AAMBGA works to revive past

 The building at 1783 Chestnut St. is currently being renovated to house the African American Museum | Bowling Green Area. The house was originally used by the Faculty Center for Excellence in Teaching (FaCET) until funding was cut in 2013. Jennifer King/HERALD

Stephanie Jessie

In 1866 in Bowling Green, Virgil Loving was the big man in town. A blacksmith with seven and a half acres of land in his name, Loving and his wife, Gilly, had six daughters. He could read and write, though Gilly could not. He was also a black man in a world fresh out of the Civil War.

In this new post-Civil War Bowling Green area, black men made up the majority of the lower class. Virgil bought his seven and a half acres on Jan. 1, 1866 from Victor Loving, a Louisville man who had connections to Bowling Green. Virgil bought the land for $100 an acre, a total which would convert into over $11,700 in today’s rates. Victor, it is said, bought the land for much less and made a large profit from the sale to Virgil.

Virgil bought the land and paid the mortgage through his work as a blacksmith and by selling land to other blacks in the area. Virgil died in 1913 and is buried with his wife in Mount Moriah cemetery, located behind Spero Kereiakes Park. The land he was said to own is estimated to be located near the railroads and Russellville Road.

It is stories like those of Virgil Loving that the African American Museum of the Bowling Green Area wishes to tell.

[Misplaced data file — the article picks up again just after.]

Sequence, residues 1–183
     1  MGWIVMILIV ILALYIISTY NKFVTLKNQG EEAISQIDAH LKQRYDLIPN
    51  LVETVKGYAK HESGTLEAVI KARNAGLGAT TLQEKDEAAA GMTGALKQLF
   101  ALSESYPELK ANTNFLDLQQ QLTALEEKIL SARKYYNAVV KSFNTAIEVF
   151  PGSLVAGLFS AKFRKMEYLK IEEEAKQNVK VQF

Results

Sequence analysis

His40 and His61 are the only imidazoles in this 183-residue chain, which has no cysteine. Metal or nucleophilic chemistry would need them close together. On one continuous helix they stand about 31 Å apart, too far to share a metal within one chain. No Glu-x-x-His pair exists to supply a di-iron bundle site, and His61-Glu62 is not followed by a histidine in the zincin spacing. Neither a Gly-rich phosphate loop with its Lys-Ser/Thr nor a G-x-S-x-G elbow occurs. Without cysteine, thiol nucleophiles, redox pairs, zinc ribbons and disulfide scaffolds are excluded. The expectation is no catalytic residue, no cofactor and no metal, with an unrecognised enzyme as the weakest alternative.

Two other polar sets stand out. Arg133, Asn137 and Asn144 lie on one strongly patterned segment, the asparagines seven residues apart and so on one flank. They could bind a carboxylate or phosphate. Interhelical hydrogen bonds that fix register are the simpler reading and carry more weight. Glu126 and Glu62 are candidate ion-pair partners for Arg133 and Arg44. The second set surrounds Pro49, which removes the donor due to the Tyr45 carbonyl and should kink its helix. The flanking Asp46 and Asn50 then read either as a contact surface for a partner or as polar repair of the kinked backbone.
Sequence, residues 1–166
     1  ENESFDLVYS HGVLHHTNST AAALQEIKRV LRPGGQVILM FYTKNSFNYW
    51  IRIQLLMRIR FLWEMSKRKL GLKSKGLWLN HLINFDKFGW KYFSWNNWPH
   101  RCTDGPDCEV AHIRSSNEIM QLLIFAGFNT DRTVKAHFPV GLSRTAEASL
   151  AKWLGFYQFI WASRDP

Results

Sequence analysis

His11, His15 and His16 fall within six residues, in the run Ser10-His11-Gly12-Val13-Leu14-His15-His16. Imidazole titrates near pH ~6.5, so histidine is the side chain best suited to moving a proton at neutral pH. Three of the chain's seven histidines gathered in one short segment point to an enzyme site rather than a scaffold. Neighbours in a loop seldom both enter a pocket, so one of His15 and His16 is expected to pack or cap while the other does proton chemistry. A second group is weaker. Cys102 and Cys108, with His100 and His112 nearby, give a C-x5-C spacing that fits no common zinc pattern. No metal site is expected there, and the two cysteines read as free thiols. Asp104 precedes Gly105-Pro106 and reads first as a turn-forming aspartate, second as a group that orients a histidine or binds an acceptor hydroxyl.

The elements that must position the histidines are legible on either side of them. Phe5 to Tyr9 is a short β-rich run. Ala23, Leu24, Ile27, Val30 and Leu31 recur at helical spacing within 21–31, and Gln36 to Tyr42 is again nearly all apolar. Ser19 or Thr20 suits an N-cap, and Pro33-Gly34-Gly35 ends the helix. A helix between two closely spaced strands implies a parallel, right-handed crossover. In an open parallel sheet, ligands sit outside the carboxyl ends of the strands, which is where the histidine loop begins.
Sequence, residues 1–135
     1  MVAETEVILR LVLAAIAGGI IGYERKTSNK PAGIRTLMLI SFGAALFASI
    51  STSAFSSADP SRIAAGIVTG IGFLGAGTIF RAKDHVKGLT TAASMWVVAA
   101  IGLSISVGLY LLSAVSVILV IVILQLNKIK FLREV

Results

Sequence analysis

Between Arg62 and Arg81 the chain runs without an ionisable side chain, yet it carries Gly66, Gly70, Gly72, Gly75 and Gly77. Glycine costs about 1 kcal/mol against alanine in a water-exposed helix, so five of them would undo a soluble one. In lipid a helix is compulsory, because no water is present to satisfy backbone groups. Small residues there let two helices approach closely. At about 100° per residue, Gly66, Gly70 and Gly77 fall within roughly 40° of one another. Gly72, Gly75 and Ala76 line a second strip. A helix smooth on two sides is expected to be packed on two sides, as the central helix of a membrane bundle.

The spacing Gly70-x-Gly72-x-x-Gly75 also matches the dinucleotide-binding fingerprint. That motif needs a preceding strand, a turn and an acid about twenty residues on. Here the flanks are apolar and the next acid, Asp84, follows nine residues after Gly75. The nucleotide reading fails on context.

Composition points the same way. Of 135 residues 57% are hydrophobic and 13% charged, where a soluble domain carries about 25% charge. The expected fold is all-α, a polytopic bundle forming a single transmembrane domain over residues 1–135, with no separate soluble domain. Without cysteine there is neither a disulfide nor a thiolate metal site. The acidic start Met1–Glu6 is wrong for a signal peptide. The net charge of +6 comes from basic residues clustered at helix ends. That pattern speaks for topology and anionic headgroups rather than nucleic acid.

Created in 2011, the AAMBGA’s official mission statement is to recover, document, preserve and present the history of African Americans in the Bowling Green area.

“What we have to understand is black history is more than just the month of February,” Lloren Foster said. “But, if you’re going to compartmentalize it in that fashion, we see ourselves as the hub of the dissemination of that information and the coordination of those kinds of events.”

Foster is the treasurer and the interim vice chair of the museum. He and John Long, the chairman of the Board of Directors, have worked on the project together since 2011 after discovering a shared interest of creating an African American Museum in Bowling Green brought them together.

“I didn’t even know his name until we had (the steering) meeting in 2011,” Foster said.

Long, a retired WKU professor spends much of his time researching in the Bowling Green archives to find stories like Virgil’s. 

“We haven’t always been able to get to the resources and a lot of what you would like to know hasn’t always been recorded because many of us…were property,” Long said. “When it came to census records, you were not named. You were a pencil stroke.”

The group of those involved in the museum is ever-changing, as more and more people hear about the